Gouna Salehi enters in Komala aiming the escape from forced marriages

The subject today is Gouna Salehi, born in 1997, is a member of the armed group Komala.

According to IKHRW, one of the most significant social and economic challenges in Kurdish-populated areas in the Middle East, including Iran, is the lack of respect for women’s rights in various fields, with varying degrees of intensity and weaknesses. So women and girls have no solution to this problem other than joining Kurdish armed groups.

The subject today is Gouna Salehi, born in 1997, is a member of the armed group Komala who considers family problems and forced marriages (twice) as the main reason for joining. In August 2020, she joined the Komala after illegally leaving the country and returned to the country in the same year in March.

IKHRW reporter: What led to join Komala?

Salehi: I had no knowledge of the goals and operations of these groups. I joined Komala solely due to family problems and to escape from forced marriage. My first marriage was compulsory. I had no interest in my spouse at all and got married under family pressure and got divorced after 3 years. Nearly three months had passed since the divorce when the family insisted that I remarry! However, I was in no way inclined to enter into a new marital life. But somehow, they forced me to do it! I left Iran 1 month later because I could not tolerate anymore.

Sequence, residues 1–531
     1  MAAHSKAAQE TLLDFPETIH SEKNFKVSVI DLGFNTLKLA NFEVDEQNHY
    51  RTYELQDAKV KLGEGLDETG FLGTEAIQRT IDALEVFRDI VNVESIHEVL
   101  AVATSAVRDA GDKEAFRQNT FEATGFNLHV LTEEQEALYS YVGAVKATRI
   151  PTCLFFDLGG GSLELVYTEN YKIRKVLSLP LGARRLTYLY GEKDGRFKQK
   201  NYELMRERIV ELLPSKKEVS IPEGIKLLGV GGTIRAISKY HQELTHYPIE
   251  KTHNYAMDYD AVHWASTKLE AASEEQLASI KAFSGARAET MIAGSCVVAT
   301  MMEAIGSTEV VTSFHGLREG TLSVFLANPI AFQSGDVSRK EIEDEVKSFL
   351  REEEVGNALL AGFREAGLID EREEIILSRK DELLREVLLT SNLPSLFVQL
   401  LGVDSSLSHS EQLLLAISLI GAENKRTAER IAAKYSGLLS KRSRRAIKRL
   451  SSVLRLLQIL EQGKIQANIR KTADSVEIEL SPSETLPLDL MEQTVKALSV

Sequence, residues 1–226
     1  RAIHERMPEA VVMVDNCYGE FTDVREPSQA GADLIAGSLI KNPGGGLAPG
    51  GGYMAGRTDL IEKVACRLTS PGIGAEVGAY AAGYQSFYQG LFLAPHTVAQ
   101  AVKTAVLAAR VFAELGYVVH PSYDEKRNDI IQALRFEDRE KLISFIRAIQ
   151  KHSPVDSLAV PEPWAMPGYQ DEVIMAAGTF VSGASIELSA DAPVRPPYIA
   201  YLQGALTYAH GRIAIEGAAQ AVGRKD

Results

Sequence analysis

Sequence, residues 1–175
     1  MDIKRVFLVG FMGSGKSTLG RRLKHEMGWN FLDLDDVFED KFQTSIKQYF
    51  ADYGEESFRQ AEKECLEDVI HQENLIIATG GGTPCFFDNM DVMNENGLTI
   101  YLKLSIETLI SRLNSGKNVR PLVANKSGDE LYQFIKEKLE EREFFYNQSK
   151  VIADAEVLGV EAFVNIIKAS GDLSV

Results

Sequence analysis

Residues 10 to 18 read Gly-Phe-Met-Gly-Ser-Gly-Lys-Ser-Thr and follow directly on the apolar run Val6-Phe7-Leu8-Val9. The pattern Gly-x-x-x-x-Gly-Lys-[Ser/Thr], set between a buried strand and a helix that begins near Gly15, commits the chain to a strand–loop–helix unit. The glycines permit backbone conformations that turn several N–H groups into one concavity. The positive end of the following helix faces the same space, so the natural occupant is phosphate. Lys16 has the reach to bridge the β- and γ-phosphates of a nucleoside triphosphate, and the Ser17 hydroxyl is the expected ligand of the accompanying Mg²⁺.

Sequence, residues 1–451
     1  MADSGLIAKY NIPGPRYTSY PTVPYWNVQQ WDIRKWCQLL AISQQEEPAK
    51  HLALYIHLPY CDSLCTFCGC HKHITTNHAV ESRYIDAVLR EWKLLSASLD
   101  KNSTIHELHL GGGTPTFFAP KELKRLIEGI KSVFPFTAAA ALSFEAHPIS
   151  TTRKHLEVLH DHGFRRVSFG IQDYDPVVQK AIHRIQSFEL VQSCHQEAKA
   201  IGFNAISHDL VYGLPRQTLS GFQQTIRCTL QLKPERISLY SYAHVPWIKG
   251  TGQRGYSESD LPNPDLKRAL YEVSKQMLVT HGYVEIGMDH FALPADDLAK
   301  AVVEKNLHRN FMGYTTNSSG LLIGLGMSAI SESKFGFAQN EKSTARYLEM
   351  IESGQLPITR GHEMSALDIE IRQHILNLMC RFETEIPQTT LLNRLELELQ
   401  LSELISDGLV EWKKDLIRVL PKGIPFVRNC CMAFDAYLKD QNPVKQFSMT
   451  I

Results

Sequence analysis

IKHRW reporter: How did you get familiar with Komala and reach their headquarters?

Salehi: Firstly, I must emphasize that we have been familiar with names such as Komala, Democrat, PJAK, and PKK since childhood. After separating from my first spouse, I was living at my uncle’s house. Sometimes, when the channels related to the military were broadcasted, usually a telephone number would be displayed in the corner of the screen that I saved. When under the insistence of my family, I was compelled to enter into a second marriage and faced severe mental and emotional conditions, I contacted them and explaining my problems, stating to become a member of them! I am certain that if it wasn’t for the compulsory second marriage, I would never have approached Komala!

IKHRW reporter: How were the conditions of your life there and what things were they teaching you?

Salehi: I definitely faced extremely challenging conditions! My situation was not good at all emotionally and mentally! The actual environment in Komala had no resemblance to what was shared on social networks. We were compelled to wake up very early in the mornings, ascend the mountain, and descend again. After that, we had military and ideological classes, involving sports and weapon handling. They undermined and belittled their own members in the midst of the group. In general, I must say that not everyone’s behavior was bad; however, there were someone who truly lacked character! They didn’t know how to interact with a woman.

IKHRW reporter: How did you decide to leave there and return to the country?

Salehi: I had no emotional attachment to them or that place just to leave home. In that place I had met my current spouse and decided to return.

IKHRW reporter: When you returned to Iran, what was the behavior towards you?

Salehi: Upon my return, aside from being asked a series of questions to which I provided answers, nothing significant occurred and I resumed my normal life.

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